Jewish Identity and the Boundaries of Insider Status[edit]

A self-identified Jew, who in one breath proclaims herself “one of the chosen people” and in the next breath worries about “sounding like such a jap,” Silverman simultaneously acknowledges her Jewishness with pride and a glaring self-consciousness of her outsider status. With her jokes about the Holocaust and the use of racially charged words like “nigger,” “chink” and “jap, “ Silverman really taps into the confusion about whether populations with outsider status can mock themselves and each other. Bewildered by the idea of so many Jews driving German cars, Silverman notes the irony that companies like Mercedes and BMW “helped facilitate the genocide of their best customers.” After shamelessly using the Holocaust as the basis for a joke about Jews and Germans, she manages to address the relative outsider status of Jews and Blacks. “If Black people were in Germany in World War II, the Holocaust would not have happened.” Big pause. “Or not to Jews.” Some may be offended by Ms. Silverman’s blasphemous use of the Holocaust or the liberty she takes in comparing Jews to other minorities. As if anticipating potential criticism, Silverman launches into a musical litany of stereotypes about Jews (who love money), Asians (who are good at math), Puerto Ricans (who need bats) and girls (who love dolls) and Blacks (who don’t tip). Ending the song with an awkward exchange between a 1960s flower child version of herself and two intimidating Black men, Silverman casts doubt on whether or not one outsider has the right to make insider jokes about another.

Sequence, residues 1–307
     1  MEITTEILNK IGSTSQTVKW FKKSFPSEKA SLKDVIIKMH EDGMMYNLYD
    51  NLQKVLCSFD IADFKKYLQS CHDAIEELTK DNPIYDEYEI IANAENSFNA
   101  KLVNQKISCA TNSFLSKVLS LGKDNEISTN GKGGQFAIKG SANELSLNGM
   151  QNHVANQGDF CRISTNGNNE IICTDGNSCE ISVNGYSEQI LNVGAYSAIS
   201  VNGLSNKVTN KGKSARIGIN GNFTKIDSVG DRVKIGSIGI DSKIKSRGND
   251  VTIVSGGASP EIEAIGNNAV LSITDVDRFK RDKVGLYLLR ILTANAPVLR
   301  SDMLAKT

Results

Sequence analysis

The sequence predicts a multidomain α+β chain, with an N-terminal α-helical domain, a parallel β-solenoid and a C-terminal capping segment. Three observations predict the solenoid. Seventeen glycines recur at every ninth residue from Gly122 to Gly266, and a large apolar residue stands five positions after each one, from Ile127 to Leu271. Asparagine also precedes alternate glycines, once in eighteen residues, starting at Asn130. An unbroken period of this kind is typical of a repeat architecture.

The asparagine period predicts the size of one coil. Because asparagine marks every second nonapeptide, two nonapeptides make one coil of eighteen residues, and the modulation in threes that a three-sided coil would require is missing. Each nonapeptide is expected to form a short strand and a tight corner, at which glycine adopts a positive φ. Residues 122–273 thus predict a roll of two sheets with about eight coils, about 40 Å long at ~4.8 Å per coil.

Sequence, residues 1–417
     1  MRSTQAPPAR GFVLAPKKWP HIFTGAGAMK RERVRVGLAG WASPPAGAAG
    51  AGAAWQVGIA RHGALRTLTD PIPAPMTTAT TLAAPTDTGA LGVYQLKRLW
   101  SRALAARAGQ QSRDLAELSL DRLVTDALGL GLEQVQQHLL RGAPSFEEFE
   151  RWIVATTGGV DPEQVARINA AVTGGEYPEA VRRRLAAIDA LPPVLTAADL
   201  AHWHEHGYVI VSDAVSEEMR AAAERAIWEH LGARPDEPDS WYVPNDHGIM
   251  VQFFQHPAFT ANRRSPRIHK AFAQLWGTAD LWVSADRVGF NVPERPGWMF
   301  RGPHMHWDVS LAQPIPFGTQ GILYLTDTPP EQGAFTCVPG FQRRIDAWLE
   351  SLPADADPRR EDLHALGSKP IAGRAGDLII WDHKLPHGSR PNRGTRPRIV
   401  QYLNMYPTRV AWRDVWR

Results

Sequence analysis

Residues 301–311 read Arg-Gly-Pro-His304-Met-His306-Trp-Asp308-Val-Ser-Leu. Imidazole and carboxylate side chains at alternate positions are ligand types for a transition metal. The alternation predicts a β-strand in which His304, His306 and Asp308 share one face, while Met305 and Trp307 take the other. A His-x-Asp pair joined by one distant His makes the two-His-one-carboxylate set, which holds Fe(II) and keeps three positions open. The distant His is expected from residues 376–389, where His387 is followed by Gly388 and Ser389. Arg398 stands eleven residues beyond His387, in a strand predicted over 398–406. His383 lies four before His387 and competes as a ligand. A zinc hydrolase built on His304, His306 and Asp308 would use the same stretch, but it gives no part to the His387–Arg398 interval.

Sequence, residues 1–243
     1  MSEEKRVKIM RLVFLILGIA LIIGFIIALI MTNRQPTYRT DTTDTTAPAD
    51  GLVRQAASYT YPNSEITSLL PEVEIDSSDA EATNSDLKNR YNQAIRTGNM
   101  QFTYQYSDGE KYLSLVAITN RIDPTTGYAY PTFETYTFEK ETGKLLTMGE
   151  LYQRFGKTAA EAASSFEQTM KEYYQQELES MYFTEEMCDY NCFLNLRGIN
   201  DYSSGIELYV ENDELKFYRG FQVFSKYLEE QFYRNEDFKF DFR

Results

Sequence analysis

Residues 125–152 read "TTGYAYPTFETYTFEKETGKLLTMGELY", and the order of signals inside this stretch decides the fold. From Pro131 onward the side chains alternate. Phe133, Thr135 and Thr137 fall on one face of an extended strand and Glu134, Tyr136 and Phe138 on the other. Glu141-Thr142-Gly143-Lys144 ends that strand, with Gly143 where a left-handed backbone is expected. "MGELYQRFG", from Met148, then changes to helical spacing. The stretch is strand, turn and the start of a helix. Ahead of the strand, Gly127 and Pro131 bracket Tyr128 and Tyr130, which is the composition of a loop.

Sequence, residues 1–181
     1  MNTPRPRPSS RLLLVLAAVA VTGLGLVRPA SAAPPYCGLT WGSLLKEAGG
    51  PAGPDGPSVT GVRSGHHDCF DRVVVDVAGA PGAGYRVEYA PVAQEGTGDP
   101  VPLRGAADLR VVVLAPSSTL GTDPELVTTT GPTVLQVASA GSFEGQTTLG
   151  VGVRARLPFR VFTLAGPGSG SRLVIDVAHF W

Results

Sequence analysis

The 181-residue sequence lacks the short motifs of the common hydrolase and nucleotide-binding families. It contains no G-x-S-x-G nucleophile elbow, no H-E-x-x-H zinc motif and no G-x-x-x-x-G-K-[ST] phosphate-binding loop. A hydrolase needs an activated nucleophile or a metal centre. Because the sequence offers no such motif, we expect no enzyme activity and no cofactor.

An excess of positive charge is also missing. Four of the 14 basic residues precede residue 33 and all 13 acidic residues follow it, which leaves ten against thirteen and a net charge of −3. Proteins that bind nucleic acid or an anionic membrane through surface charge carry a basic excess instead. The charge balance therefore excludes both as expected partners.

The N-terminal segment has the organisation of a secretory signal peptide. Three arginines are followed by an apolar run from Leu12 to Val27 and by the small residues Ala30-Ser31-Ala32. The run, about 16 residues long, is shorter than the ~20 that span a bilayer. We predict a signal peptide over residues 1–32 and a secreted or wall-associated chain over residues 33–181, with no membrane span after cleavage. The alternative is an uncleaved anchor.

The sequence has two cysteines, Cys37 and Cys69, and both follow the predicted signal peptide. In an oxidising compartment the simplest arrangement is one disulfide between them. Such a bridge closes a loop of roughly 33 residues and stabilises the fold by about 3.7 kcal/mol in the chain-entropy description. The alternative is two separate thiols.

Although Jesus is Magic is clearly part of a modern comedic tradition that challenges the limits of identity politics and political correctness, Silverman herself did not purport to be a politically minded reformer until much later. In a 2010 interview with Washington Jewish Week, Silverman reverted to comedy to deflect from the idea that there was a political purpose to her art. "To be honest, I would like to go about my life exploiting the subject of Jewishness for comedy, and not be saddled with the responsibility to actually represent, defend or advance die because of the Jewish people," she explains. "Nevertheless, my Jew editor convinced me to write a chapter on Jewiness by using one of our culture's greatest tools of persuasion: nagging." [6]

References[edit]

  1. ^ Gross, Terry (November 9, 2005). "Sarah Silverman: 'Jesus Is Magic'". NPR.
  2. ^ Benedictus, Leo (March 21, 2012). "Comedy gold: Sarah Silverman's Jesus is Magic". The Guardian.
  3. ^ Scott, A. O. (November 11, 2005). "A Comic in Search of the Discomfort Zone". The New York Times.
  4. ^ Benedictus, Leo. Comedy Gold: Sarah Silverman: Jesus is Magic. The Guardian. March 21, 2012)
  5. ^ Oppenheimer, Judy. Sarah is Magic; Sarah Silverman never fails to shock – or make you laugh. Baltimore Jewish Times, Baltimore. Vol. 287, Iss.6. (December 9, 2005): 67.
  6. ^ Sarah Silverman's 'Jewiness'Kirsch, Jonathan. Washington Jewish Week; Gaithersburg [Gaithersburg]03 June 2010: 25.

External links[edit]